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­­­Economic efficiency and the evolution of political regimes: a theoretical model of interdependence, cross-country and dynamical analysis

Priority areas of development: humanitarian
2017
The project has been carried out as part of the HSE Program of Fundamental Studies.

Goal of research: To reveal the mechanisms and the nature of mutual dynamical relationships between efficiency of state-society systems (efficiency due to total factor productivity) and the process of political regime consolidation and transformation.

Methodology:

We use an interdisciplinary approach: the conceptual framework is set by new institutionalism and expanded with social orders and social capital theories. We employ mathematical modeling, mainly – dynamical systems analysis (both analytically and through numerical experiments). We use macroeconomic approaches to production function theory and expand on those with our own frontier-generated production function. We also use many methods of empirical data analysis: Data Envelopment Analysis to estimate the production function; clustering, principal component analysis, ANOVA, correlations, multivariate regressions and survival analysis to look into the relationships between economic efficiency, political institutions and political regimes.

Empirical base of research:

We use existing sources of data to measure a number of variables:

  • overall regime characteristics: Polity IV variables and “Varieties of Democracy” (V-DEM) variables;
  • institutional quality and its dynamics: Bayesian Corruption Index, Index of Political Corruption («Varieties of Democracy»), Corruption Perceptions Index («Transparency International»), Control of Corruption Index (Worldwide Governance Indicators);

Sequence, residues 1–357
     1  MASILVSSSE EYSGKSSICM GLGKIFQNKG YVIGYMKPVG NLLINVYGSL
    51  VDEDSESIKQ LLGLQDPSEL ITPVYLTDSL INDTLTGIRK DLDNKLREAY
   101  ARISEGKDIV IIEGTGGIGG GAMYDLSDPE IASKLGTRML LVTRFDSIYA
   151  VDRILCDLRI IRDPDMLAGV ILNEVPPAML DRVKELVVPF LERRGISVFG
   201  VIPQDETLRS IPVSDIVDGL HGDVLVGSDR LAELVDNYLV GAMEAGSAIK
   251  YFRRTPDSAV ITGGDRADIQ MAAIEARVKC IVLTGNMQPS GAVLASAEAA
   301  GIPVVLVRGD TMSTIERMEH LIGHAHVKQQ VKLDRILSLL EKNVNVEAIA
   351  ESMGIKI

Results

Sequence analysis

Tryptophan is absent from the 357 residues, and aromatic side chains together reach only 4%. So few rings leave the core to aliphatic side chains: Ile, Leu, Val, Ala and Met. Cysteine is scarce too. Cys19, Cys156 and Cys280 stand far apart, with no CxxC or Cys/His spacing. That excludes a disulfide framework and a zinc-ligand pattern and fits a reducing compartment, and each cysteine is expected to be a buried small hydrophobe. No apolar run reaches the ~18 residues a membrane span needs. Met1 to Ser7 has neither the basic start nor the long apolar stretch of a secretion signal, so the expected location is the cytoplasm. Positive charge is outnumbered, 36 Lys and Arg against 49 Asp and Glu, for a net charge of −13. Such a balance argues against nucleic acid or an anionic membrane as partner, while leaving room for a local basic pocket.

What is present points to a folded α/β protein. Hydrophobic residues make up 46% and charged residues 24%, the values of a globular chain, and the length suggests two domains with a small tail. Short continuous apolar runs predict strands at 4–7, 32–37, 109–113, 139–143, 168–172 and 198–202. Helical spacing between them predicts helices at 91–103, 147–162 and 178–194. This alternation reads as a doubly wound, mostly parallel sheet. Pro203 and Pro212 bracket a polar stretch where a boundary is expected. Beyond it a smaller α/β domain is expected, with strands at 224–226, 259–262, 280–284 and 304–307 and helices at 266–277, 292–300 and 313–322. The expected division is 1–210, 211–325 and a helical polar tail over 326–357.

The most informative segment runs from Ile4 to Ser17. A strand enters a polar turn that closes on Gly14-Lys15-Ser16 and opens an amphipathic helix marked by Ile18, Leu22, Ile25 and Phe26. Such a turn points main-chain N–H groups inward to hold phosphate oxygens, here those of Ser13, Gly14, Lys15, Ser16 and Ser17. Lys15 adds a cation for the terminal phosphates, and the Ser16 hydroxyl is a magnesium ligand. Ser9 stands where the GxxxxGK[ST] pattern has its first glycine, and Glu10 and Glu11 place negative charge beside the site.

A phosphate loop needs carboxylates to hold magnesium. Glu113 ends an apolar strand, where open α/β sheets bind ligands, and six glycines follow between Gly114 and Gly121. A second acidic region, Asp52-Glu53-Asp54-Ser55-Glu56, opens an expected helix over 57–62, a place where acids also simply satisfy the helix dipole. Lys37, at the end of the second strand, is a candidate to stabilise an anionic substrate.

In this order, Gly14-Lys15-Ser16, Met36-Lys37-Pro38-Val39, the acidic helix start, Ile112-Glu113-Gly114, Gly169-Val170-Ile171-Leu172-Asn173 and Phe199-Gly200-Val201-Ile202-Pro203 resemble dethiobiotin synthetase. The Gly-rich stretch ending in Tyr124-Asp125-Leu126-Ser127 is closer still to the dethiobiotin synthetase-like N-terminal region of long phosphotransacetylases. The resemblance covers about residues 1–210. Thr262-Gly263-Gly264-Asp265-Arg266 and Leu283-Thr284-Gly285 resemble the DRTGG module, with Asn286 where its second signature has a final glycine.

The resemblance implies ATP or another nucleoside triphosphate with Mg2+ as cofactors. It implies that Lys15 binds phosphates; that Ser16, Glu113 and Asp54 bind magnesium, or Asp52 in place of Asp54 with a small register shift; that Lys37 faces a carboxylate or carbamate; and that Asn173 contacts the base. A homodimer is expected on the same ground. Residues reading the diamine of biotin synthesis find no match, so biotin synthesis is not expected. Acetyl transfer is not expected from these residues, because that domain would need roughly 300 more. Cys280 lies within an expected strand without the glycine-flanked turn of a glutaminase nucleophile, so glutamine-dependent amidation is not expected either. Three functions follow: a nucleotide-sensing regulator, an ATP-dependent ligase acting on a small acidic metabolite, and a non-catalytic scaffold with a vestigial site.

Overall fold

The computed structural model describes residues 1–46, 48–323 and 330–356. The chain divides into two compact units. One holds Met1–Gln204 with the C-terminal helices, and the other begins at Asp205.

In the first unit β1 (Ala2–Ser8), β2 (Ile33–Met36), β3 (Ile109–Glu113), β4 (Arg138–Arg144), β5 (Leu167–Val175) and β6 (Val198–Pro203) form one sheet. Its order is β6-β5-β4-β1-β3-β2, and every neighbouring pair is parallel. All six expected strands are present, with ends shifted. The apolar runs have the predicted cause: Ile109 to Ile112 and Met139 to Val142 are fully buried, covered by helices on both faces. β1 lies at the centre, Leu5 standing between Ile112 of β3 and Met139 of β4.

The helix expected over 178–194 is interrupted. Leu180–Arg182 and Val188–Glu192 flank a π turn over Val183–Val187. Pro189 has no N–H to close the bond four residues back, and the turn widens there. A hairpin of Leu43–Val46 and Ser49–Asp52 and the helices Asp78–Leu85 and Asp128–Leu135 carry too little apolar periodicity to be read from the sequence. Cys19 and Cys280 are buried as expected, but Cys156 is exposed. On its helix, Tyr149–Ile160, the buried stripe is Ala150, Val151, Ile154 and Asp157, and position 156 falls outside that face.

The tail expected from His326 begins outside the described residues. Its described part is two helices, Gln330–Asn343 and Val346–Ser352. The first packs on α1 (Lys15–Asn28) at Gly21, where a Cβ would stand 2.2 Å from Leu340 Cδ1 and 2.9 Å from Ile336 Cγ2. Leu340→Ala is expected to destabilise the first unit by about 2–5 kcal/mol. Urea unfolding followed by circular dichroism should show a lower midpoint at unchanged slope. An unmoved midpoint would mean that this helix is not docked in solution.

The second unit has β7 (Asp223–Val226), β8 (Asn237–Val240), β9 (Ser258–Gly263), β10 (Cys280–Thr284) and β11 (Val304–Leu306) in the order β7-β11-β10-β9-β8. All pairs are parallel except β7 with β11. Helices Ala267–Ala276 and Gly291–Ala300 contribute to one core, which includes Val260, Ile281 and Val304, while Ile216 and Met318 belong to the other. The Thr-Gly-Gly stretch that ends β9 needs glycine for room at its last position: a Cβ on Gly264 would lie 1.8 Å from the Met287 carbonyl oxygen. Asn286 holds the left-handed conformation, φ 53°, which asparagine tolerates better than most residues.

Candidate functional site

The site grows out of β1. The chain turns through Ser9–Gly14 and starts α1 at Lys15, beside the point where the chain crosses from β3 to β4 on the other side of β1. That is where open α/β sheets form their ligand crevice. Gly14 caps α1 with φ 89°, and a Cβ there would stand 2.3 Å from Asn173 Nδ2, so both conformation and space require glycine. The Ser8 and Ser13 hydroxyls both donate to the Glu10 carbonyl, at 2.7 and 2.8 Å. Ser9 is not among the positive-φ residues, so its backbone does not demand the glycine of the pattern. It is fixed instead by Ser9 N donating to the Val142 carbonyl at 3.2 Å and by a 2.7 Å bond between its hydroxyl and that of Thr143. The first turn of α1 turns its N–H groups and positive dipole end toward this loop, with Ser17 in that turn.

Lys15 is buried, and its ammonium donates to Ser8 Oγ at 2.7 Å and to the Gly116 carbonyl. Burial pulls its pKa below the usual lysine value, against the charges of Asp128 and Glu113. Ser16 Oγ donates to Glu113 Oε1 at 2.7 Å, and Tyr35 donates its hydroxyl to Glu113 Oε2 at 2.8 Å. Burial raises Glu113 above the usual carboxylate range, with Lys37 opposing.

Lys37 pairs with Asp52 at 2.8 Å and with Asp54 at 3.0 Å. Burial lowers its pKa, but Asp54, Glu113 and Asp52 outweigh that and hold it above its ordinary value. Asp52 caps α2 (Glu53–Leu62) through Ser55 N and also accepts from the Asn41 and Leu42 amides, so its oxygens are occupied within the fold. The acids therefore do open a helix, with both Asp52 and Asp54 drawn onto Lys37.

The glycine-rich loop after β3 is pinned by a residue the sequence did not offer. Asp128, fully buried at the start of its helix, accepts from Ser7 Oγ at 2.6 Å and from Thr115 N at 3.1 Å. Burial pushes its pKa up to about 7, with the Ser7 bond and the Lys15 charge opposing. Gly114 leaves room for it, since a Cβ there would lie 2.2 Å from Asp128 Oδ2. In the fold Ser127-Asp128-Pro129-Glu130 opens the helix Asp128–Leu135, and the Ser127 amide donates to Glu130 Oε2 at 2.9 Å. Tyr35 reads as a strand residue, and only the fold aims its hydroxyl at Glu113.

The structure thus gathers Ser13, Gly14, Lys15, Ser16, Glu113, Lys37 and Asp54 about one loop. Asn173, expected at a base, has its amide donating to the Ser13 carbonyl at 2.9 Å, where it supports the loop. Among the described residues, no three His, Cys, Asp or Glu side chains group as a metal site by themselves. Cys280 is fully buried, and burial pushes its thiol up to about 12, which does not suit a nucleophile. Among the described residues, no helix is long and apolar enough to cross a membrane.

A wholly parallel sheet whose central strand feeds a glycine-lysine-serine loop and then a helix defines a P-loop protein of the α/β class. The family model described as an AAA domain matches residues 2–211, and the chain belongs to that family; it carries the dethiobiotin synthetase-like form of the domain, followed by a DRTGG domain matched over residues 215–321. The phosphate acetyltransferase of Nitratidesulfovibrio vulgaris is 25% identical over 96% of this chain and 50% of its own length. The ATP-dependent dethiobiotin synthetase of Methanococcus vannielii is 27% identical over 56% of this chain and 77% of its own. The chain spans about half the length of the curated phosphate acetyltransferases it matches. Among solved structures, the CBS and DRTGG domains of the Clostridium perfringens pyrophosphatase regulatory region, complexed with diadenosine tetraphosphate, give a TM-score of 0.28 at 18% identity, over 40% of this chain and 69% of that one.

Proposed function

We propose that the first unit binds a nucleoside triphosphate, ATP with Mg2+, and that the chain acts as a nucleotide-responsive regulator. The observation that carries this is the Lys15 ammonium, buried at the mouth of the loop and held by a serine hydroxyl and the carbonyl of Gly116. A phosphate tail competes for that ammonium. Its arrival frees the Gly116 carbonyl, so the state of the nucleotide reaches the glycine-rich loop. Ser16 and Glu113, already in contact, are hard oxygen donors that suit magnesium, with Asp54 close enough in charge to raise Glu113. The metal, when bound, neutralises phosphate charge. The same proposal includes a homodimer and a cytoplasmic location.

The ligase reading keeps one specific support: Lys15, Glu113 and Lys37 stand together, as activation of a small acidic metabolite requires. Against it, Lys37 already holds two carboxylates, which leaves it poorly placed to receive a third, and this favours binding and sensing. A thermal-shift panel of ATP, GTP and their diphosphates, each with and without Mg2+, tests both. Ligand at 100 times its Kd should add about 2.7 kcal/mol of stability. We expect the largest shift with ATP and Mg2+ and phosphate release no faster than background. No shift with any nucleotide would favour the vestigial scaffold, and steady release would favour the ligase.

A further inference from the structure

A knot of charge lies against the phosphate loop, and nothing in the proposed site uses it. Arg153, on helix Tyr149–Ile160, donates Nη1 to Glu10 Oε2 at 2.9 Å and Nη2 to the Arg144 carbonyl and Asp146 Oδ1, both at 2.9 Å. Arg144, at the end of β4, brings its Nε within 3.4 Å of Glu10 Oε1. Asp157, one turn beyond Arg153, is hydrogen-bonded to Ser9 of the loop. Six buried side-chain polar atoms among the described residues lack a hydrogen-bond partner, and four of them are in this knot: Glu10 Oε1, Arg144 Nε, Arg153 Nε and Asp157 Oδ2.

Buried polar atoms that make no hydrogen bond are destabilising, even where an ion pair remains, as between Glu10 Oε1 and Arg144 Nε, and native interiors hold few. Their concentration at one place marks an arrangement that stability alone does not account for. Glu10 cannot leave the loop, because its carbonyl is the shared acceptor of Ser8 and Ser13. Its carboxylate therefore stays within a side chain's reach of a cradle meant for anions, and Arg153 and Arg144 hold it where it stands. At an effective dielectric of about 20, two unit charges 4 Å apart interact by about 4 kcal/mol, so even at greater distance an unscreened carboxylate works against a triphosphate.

• property rights protection: Legal Structure and Security of Property Rights Index (Fraiser Institute), Property Rights Index (Heritage Foundation); Rule of Law,  Government Effectiveness and Regulatory Quality (Worldwide Governance Indicators);
  • state capacity: number of police officers per 10 000 population; shadow economy share;

To estimate TFP, we use a number of macroeconomic variables from the IMF database:

  • General government capital stock, % of GDP;
  • General government capital stock, PPP, Constant 2005 Dollars;
  • Private capital stock, % of GDP.

And from the World Bank database:

  • Labor force, total.

Results of research:

  • We’ve created a mathematical model for resource production and reallocation. The model represents the relationships between economic efficiency (total factor productivity), on the one hand, and social capital and institutional quality, on the other hand.
  • We’ve found empirical evidence that higher economic efficiency (measured with total factor productivity) facilitates regime consolidation in democracies. Mathematical simulations support our findings.
  • We’ve analyzed the impact of economic efficiency on institutional development. We show that certain TFP levels are necessary (yet not sufficient) for a qualitative shift in political institutions.
  • We’ve proved that it is necessary to account for state capacity (i.e. coercive power) when looking into institutional development and TFP. We’ve shown empirically that “TFP development traps” exist, when increases in coercive power at low efficiency levels impede further development.
  • We’ve developed a new method of TFP estimation for a three-factor production function which includes public capital, private capital and labor.
  • We’ve calculated TFP estimates for 103 countries in the period between 1960 and 2013. We’ve shown practical ways to solve the issues with missing data points.

Level of implementation,  recommendations on implementation or outcomes of the implementation of the results

The findings presented within the project may be used to facilitate the work of government organizations (specifically analytical departments) and think tanks that analyze policy decisions.

Possible fields of application include macroeconomic analysis, analysis of institutional quality, sustainable development forecasting and stability forecasting.